I've purchased enough gelli plates now that I can take them to school and 4 students can print at a time. In October, I had a gelli printing station. Each 2nd and 3rd grade student had a chance. I demonstrated a few techniques and then let student choose and combine how they saw fit. The most popular choice was using the positive and negative space of leaves with first generation and ghost prints.
I had many texture combs, stamps and found objects available for students to use to create their first print. The students came around the printing table, asked me to squirt the color of acrylic paint they wanted to use, rolled it with a brayer, and pulled the print. They also printed the ghost of the texture/pattern.
The students who wanted to play with the positive and negative space then chose a second paint color, rolled it out, arranged a leaf or several vein side down, and chose one of their printed papers to print on AGAIN. Next, they removed the leaf and printed the ghost. The paper with the leaf ON the plate will have the negative space in the shape of a leaf, which acted as a mask. The ghost will have the positive space showing the texture of the veins. Gelli plates show a lot of detail and texture so this pretty much always turns out cool. Different print combinations- first/first, ghost/ghost, first/ghost, ghost/first yield different results. The students enjoyed exploring and playing with the possibilities.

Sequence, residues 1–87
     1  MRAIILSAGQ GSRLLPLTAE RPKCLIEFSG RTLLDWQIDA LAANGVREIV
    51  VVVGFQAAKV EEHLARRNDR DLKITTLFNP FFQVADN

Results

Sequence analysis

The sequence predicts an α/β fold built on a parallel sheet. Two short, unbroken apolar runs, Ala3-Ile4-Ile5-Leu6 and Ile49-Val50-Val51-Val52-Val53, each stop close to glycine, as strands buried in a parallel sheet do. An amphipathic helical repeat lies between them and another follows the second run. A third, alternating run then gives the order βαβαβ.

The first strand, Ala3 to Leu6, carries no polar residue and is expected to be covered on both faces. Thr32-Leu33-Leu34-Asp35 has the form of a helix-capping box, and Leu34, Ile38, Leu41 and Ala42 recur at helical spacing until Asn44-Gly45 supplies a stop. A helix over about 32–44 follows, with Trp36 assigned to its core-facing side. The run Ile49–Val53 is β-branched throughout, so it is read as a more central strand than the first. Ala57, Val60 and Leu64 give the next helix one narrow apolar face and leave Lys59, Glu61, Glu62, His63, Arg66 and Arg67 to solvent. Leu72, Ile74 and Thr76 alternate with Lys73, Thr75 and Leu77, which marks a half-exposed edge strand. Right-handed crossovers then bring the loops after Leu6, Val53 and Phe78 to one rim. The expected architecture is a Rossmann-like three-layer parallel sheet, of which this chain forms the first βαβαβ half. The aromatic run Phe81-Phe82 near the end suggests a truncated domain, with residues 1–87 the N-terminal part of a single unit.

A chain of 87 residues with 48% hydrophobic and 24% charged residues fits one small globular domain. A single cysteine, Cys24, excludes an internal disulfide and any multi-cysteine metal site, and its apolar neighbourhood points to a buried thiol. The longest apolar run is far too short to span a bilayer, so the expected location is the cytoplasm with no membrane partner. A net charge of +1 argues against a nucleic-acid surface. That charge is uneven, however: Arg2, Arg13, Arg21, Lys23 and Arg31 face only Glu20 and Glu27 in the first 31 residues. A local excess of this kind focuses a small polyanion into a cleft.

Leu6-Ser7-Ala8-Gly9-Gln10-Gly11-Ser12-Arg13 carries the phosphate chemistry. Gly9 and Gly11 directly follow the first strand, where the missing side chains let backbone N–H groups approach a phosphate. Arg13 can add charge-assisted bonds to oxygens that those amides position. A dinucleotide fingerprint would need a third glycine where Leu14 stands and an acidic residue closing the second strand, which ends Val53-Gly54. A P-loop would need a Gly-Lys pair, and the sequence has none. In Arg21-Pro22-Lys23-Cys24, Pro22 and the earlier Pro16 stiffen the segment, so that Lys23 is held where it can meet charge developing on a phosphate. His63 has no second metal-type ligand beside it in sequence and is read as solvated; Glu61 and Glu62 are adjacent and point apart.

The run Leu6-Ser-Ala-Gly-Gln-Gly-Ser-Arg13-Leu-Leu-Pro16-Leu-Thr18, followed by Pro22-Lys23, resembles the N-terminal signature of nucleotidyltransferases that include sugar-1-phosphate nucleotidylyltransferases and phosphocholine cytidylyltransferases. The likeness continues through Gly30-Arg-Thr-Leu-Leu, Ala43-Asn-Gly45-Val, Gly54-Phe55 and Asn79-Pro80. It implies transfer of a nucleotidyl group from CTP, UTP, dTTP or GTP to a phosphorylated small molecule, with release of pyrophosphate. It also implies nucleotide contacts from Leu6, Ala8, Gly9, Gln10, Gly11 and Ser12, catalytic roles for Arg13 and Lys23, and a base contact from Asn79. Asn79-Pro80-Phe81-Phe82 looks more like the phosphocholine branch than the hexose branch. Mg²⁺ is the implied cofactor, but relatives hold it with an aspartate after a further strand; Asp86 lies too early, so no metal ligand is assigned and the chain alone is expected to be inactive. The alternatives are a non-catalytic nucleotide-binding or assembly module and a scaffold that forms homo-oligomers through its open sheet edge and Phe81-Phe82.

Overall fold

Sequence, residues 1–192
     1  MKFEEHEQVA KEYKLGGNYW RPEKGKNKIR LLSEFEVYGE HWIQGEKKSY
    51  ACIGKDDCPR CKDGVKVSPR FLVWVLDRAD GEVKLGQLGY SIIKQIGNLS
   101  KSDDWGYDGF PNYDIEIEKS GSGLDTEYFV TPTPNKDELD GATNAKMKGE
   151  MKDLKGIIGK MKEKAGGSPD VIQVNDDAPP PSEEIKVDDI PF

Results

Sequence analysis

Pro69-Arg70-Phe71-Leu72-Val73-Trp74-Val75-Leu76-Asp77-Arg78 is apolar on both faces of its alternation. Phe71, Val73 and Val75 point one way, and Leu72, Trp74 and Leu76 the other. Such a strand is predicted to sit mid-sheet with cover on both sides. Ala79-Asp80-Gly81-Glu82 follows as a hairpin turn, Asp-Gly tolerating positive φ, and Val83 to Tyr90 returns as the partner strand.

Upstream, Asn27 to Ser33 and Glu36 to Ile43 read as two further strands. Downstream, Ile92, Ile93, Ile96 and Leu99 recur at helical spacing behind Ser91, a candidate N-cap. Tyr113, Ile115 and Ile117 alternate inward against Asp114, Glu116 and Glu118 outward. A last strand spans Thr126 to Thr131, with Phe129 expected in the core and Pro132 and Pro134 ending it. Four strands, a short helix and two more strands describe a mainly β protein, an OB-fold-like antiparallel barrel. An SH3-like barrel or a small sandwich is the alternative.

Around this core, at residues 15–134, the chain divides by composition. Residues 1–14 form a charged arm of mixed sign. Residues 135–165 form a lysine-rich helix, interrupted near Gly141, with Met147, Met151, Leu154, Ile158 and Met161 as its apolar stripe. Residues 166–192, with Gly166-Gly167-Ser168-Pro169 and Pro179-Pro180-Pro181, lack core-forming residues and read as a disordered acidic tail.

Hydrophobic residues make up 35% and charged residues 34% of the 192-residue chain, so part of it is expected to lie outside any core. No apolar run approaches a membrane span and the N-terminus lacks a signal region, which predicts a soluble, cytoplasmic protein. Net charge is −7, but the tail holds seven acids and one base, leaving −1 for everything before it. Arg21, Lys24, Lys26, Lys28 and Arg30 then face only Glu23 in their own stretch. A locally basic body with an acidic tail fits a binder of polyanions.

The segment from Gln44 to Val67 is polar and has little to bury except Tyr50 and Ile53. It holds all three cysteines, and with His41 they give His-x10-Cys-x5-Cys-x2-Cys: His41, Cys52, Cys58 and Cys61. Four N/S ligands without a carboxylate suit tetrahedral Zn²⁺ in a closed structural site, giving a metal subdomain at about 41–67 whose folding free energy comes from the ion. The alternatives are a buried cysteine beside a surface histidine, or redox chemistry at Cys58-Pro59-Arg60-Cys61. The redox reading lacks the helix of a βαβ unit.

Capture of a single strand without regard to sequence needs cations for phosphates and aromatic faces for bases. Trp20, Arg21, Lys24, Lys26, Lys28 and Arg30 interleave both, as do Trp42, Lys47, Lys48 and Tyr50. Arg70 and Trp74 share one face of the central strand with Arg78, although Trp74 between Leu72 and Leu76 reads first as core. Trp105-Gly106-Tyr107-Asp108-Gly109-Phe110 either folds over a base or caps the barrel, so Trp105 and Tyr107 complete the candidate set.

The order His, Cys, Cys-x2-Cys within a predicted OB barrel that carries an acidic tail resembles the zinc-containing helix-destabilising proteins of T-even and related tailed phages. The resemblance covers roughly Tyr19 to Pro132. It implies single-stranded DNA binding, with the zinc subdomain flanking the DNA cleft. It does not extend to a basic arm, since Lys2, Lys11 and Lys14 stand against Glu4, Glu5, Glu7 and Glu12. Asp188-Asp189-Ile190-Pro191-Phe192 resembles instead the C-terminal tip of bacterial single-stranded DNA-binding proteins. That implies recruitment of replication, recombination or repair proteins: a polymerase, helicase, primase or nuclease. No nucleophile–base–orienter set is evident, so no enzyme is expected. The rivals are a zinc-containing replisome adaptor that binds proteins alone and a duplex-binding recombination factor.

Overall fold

You can see the lesson plan on the smARTteacher.
Some students tried different ideas- layering textures or images drawn with cotton swabs.
You can make a homemade gelatin plate for printing, but I've never tried it. I've heard good things about it but buying some plates with Blick gift coupons was a quicker choice for me! I now have gelatin plates in 8x10, 6x6, 5x7, 3x5, and the 8 inch circle. I haven't even had time to try out the circle plate yet, but I'm looking forward to it!